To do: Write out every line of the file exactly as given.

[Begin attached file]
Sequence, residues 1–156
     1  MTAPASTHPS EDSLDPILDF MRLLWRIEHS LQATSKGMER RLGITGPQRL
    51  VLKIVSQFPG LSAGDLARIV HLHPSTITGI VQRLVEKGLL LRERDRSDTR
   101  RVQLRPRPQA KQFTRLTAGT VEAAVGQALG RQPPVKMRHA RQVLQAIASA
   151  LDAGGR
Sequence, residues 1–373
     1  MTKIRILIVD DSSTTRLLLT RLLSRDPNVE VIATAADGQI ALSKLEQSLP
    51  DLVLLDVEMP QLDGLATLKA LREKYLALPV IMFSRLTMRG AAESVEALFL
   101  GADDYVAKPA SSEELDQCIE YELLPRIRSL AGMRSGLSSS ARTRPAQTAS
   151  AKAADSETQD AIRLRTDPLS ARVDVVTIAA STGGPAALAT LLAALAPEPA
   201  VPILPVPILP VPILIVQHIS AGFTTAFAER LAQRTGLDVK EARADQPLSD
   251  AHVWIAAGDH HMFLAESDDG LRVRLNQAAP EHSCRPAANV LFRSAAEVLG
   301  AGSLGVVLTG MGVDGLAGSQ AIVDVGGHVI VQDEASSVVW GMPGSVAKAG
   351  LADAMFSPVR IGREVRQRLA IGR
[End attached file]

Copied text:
Sequence, residues 1–156
     1  MTAPASTHPS EDSLDPILDF MRLLWRIEHS LQATSKGMER RLGITGPQRL
    51  VLKIVSQFPG LSAGDLARIV HLHPSTITGI VQRLVEKGLL LRERDRSDTR
   101  RVQLRPRPQA KQFTRLTAGT VEAAVGQALG RQPPVKMRHA RQVLQAIASA
   151  LDAGGR
Sequence, residues 1–373
     1  MTKIRILIVD DSSTTRLLLT RLLSRDPNVE VIATAADGQI ALSKLEQSLP
    51  DLVLLDVEMP QLDGLATLKA LREKYLALPV IMFSRLTMRG AAESVEALFL
   101  GADDYVAKPA SSEELDQCIE YELLPRIRSL AGMRSGLSSS ARTRPAQTAS
   151  AKAADSETQD AIRLRTDPLS ARVDVVTIAA STGGPAALAT LLAALAPEPA
   201  VPILPVPILP VPILIVQHIS AGFTTAFAER LAQRTGLDVK EARADQPLSD
   251  AHVWIAAGDH HMFLAESDDG LRVRLNQAAP EHSCRPAANV LFRSAAEVLG
   301  AGSLGVVLTG MGVDGLAGSQ AIVDVGGHVI VQDEASSVVW GMPGSVAKAG
   351  LADAMFSPVR IGREVRQRLA IGR